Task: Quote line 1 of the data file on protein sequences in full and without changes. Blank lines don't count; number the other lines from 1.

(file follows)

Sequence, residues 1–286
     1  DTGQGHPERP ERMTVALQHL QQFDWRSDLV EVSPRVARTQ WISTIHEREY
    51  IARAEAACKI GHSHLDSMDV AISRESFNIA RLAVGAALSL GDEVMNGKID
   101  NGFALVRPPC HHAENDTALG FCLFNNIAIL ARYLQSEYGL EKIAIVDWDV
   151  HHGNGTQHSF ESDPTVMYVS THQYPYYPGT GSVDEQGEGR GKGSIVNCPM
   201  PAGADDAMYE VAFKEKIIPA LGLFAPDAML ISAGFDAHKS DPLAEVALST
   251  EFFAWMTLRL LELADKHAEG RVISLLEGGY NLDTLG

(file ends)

Sequence, residues 1–286